Last fall, it was revealed that NYCHA officials had suspended mandated lead paint inspections for nearly four years, then falsifying reports regarding compliance. NYCHA even failed to notify tenants of the hazard in their apartments once identified. Recent inspections found that more than half of 4,200 apartments inspected for possible lead paint and children under 6 had peeling or damaged paint.
Lead is a significant health hazard, especially for young children, who can suffer irreversible neurological damage if they ingest paint chips or inhale dust containing lead. The use of lead in paint was discontinued decades ago, but it is still present in older buildings. Its devastating effects have been highlighted by the recent crisis caused by lead-contaminated water in Flint, Michigan.
Senior NYCHA officials, as well as Democratic Mayor Bill de Blasio, at first sought to cover up or belittle the significance of the situation, and later attributed it to a failure in communication. When it became an open scandal, scapegoats were sacrificed. Three officials resigned and one was demoted, though the authority chair, Shola Olatoye, remains in office. Recently, a federal judge denied a request by tenants for the appointment of an independent monitor to supervise lead paint inspections.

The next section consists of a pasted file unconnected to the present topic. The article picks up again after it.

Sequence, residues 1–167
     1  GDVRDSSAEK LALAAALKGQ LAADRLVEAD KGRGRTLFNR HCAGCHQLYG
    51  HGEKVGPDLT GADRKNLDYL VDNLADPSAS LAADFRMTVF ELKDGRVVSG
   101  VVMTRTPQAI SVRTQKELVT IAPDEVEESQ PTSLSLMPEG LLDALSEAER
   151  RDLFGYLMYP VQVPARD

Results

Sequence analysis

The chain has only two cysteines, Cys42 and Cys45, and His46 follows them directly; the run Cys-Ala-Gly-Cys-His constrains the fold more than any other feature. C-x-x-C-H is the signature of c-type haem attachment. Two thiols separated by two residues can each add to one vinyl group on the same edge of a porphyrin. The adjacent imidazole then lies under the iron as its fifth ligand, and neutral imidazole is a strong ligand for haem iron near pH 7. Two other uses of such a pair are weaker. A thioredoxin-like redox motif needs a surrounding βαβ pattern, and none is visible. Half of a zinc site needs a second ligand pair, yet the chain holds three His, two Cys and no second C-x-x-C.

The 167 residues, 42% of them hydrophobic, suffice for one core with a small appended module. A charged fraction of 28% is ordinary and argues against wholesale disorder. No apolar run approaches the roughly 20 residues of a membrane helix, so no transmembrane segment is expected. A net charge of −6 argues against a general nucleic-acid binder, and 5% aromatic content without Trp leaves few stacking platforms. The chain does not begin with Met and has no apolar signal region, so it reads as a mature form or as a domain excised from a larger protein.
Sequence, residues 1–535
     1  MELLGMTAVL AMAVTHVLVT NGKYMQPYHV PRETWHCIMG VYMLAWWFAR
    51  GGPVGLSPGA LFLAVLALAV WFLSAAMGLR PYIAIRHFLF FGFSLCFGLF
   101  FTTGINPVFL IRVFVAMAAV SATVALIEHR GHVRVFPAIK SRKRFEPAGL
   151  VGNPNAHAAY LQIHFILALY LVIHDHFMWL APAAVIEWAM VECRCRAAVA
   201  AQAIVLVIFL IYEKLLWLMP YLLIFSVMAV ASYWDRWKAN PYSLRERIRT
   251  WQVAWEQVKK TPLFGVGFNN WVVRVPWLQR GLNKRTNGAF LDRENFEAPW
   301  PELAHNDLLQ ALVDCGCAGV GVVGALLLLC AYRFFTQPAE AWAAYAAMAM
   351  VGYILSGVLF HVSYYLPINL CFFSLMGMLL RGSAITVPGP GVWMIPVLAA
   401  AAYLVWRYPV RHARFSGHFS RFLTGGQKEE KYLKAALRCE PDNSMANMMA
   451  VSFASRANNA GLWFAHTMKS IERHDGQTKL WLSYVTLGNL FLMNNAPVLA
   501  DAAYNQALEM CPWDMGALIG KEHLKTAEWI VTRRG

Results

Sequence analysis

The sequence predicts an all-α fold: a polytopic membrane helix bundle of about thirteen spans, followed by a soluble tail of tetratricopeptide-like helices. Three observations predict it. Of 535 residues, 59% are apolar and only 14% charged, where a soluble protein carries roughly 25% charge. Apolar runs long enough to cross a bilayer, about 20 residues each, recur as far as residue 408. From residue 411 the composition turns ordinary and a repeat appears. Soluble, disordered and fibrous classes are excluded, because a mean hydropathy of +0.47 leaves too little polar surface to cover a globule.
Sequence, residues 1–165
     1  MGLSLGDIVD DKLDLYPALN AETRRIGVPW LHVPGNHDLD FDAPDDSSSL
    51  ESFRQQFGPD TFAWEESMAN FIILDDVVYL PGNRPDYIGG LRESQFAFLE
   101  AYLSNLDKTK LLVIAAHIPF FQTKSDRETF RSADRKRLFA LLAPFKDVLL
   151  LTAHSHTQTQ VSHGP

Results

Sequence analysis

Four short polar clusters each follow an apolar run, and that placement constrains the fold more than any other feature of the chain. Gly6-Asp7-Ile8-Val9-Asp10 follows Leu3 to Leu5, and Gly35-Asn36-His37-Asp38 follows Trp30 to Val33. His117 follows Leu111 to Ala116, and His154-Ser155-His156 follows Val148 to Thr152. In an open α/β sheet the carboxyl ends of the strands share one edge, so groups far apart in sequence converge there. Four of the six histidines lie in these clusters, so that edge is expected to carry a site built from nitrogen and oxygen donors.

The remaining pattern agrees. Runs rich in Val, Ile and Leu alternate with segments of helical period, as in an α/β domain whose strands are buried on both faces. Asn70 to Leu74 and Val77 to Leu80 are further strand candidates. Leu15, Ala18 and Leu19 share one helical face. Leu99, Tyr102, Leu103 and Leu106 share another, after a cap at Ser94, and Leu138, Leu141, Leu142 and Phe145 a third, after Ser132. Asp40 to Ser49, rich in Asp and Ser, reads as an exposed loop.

The aging and deteriorated state of the infrastructure in many of the NYCHA complexes was brought into sharp relief during this winter, which featured several episodes of extremely cold temperatures. According to the Authority’s own figures, between October 1 and January 22, 143,000 apartments, representing more than 80 percent of residents, lacked heat and hot water for periods averaging 48 hours, many for much longer. The problem with NYCHA’s heating infrastructure is not new, and has worsened. Episodes of lost heat were reported 1,360 times in 2016, jumping to 2,395 last year. The increase in hot water outages was even more dramatic—from 916 in 2016 to 4,112 in 2017.
In response to the anger among residents over the failure to reliably provide these most basic necessities, Mayor de Blasio announced a proposal to replace 39 boilers in 104 NYCHA buildings with approximately 45,000 residents, barely a tenth of the total. The necessary $200 million must be approved by the City Council at a time of tight budgets. Even if the money is made available, the project would not be completed until the end of 2022, nearly four years from now, assuming the projected schedule is met. This would leave tens of thousands of residents to suffer several more winters with unreliable heat and hot water. For the many elderly and infirm people living in NYCHA housing, such conditions can be life-threatening.